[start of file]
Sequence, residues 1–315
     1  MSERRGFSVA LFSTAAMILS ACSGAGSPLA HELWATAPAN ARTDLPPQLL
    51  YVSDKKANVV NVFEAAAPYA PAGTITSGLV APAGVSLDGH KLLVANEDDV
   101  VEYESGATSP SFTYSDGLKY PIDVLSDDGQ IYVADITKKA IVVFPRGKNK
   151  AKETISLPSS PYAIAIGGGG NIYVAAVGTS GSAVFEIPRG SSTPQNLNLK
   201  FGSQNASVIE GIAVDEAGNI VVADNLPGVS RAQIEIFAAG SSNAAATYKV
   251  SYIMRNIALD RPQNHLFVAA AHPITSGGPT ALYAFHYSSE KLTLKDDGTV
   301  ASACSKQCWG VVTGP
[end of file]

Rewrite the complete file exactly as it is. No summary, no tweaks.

Sequence, residues 1–315
     1  MSERRGFSVA LFSTAAMILS ACSGAGSPLA HELWATAPAN ARTDLPPQLL
    51  YVSDKKANVV NVFEAAAPYA PAGTITSGLV APAGVSLDGH KLLVANEDDV
   101  VEYESGATSP SFTYSDGLKY PIDVLSDDGQ IYVADITKKA IVVFPRGKNK
   151  AKETISLPSS PYAIAIGGGG NIYVAAVGTS GSAVFEIPRG SSTPQNLNLK
   201  FGSQNASVIE GIAVDEAGNI VVADNLPGVS RAQIEIFAAG SSNAAATYKV
   251  SYIMRNIALD RPQNHLFVAA AHPITSGGPT ALYAFHYSSE KLTLKDDGTV
   301  ASACSKQCWG VVTGP